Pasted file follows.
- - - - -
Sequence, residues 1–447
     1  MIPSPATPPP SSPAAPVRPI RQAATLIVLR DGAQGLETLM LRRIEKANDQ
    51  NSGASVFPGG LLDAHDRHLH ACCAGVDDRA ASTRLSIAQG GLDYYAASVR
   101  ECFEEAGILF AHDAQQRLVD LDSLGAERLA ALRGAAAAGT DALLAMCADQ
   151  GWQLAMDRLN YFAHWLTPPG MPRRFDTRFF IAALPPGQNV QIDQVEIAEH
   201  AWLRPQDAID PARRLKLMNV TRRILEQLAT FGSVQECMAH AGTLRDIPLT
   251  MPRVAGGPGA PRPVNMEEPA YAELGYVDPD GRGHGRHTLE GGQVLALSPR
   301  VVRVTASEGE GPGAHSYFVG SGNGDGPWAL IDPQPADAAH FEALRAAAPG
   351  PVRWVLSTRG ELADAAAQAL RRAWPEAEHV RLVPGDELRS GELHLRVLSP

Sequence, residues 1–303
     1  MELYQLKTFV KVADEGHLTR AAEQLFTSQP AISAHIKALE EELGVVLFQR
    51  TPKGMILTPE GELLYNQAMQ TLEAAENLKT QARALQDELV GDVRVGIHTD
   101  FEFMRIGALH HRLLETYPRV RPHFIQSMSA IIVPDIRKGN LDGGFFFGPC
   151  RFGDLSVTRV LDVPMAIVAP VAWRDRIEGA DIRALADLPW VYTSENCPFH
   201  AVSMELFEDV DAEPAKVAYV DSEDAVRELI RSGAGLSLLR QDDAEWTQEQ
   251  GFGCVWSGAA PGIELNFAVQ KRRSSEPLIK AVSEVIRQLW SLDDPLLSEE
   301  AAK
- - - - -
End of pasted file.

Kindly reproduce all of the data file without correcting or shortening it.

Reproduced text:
Sequence, residues 1–447
     1  MIPSPATPPP SSPAAPVRPI RQAATLIVLR DGAQGLETLM LRRIEKANDQ
    51  NSGASVFPGG LLDAHDRHLH ACCAGVDDRA ASTRLSIAQG GLDYYAASVR
   101  ECFEEAGILF AHDAQQRLVD LDSLGAERLA ALRGAAAAGT DALLAMCADQ
   151  GWQLAMDRLN YFAHWLTPPG MPRRFDTRFF IAALPPGQNV QIDQVEIAEH
   201  AWLRPQDAID PARRLKLMNV TRRILEQLAT FGSVQECMAH AGTLRDIPLT
   251  MPRVAGGPGA PRPVNMEEPA YAELGYVDPD GRGHGRHTLE GGQVLALSPR
   301  VVRVTASEGE GPGAHSYFVG SGNGDGPWAL IDPQPADAAH FEALRAAAPG
   351  PVRWVLSTRG ELADAAAQAL RRAWPEAEHV RLVPGDELRS GELHLRVLSP

Sequence, residues 1–303
     1  MELYQLKTFV KVADEGHLTR AAEQLFTSQP AISAHIKALE EELGVVLFQR
    51  TPKGMILTPE GELLYNQAMQ TLEAAENLKT QARALQDELV GDVRVGIHTD
   101  FEFMRIGALH HRLLETYPRV RPHFIQSMSA IIVPDIRKGN LDGGFFFGPC
   151  RFGDLSVTRV LDVPMAIVAP VAWRDRIEGA DIRALADLPW VYTSENCPFH
   201  AVSMELFEDV DAEPAKVAYV DSEDAVRELI RSGAGLSLLR QDDAEWTQEQ
   251  GFGCVWSGAA PGIELNFAVQ KRRSSEPLIK AVSEVIRQLW SLDDPLLSEE
   301  AAK